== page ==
SARAH CWIEK, BYLINE: There are a lot of complicated factors in the swirling drama that is Detroit's financial meltdown. Massive population loss and economic disaster have decimated Detroit's tax base. But for the most part, its infrastructure and legacy costs still reflect the much bigger city it once was.

That means somebody has some tough, unpopular decisions to make. And even though he insists he doesn't want to, Michigan's Republican Governor Rick Snyder has initiated the process that could lead to an emergency manager.

But Detroit's elected officials insist they can handle the problems themselves. As state leaders ramped up their rhetoric, Detroit's politicians emerged with a sudden sense of unity.

MAYOR DAVE BING: This is our city.

UNIDENTIFIED WOMAN #1: That's right.



BING: And we are Detroit.

UNIDENTIFIED WOMAN #1: That's right.

BING: Detroit needs to be run by Detroiters.


CWIEK: That's Mayor Dave Bing at a press conference last week, flanked by city council members and union officials, groups that are now meeting to try to reach a hasty budget agreement. It's a race against the clock bid because state law grants emergency managers extraordinary - some would say draconian - powers to tackle municipal finances.

Governor Snyder and the state's Republican-dominated legislature beefed up that law earlier this year, giving managers the right to throw out collectively bargained union agreements and essentially fire local elected officials. That's already happening in a handful of Michigan cities. But there's also an effort underway to repeal the law by voter referendum.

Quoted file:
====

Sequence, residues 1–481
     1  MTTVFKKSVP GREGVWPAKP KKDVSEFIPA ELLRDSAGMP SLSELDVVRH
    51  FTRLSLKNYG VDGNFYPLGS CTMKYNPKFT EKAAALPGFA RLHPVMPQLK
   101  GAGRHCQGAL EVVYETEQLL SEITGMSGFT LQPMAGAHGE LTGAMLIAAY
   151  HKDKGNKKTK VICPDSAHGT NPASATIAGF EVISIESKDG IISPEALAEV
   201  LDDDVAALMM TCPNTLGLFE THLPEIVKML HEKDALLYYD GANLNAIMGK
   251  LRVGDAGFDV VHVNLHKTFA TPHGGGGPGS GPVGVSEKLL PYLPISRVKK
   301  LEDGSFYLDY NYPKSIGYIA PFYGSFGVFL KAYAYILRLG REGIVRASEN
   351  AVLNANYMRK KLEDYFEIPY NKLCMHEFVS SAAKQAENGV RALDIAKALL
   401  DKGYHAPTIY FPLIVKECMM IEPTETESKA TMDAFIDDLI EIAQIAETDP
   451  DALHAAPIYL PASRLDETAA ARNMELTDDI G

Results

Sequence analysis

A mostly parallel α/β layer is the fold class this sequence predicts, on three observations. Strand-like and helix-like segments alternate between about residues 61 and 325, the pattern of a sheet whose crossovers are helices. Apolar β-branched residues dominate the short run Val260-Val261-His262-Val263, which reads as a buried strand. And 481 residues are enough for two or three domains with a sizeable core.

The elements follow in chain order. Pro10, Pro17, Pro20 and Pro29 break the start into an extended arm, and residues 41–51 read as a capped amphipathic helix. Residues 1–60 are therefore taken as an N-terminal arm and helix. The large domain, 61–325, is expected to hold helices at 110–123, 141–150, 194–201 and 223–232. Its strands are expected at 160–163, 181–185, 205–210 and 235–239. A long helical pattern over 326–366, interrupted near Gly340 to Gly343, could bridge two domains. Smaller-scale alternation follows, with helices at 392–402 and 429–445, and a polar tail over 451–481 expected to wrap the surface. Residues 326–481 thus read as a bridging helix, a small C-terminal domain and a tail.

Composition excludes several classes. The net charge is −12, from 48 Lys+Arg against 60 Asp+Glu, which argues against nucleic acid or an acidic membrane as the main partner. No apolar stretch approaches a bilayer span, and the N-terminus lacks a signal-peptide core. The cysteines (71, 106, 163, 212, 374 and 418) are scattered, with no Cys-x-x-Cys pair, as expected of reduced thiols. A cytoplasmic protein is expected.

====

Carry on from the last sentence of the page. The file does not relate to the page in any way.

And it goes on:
BING: If you will get 100 signatures personally...


BING: Raise your hand or stand up. Stand up if you will get 100 signatures personally.

CWIEK: At a rally just last week, organizers said they're very close to getting the roughly 162,000 petition signatures they need to get the measure on the ballot. If certified, the emergency manager law would then be suspended until a vote next November. But in response, state officials are now trying to cobble together a new law, one that presumably referendum-proof. All of this infuriates many Detroit residents, who see emergency manager rule as tantamount to taxation without representation.

Maureen Stapleton is a state representative from Detroit, who says Michigan has pushed cities like Detroit to the financial brink.


STATE REP. MAUREEN STAPLETON: We have policies that are disproportionately unfair to communities of color, whether we like it or not. Whether they want to admit it or not. When I said that on the floor of the State House, they booed, ooh.

UNIDENTIFIED WOMAN #2: They know it's the truth.

STAPLETON: Because they know it's the truth.

CWIEK: But amidst all the drama and disagreement, there is one virtually undisputed fact: Detroit stands on the brink of going broke. Bettie Buss is with the Citizens Research Council of Michigan, and she says the city's finances are so out of whack that whoever ends up having to deal with them will likely have to deal with a judge as well.

BETTIE BUSS: We're sure that pretty much everything is going to be challenged in court, but we're not real sure what the eventual outcome is going to be.

CWIEK: And everyone is hoping that enough can be done to stave off what a few experts have suggested might be the inescapable outcome - a bankruptcy filing.

For NPR News, I'm Sarah Cwiek in Detroit. Transcript provided by NPR, Copyright NPR.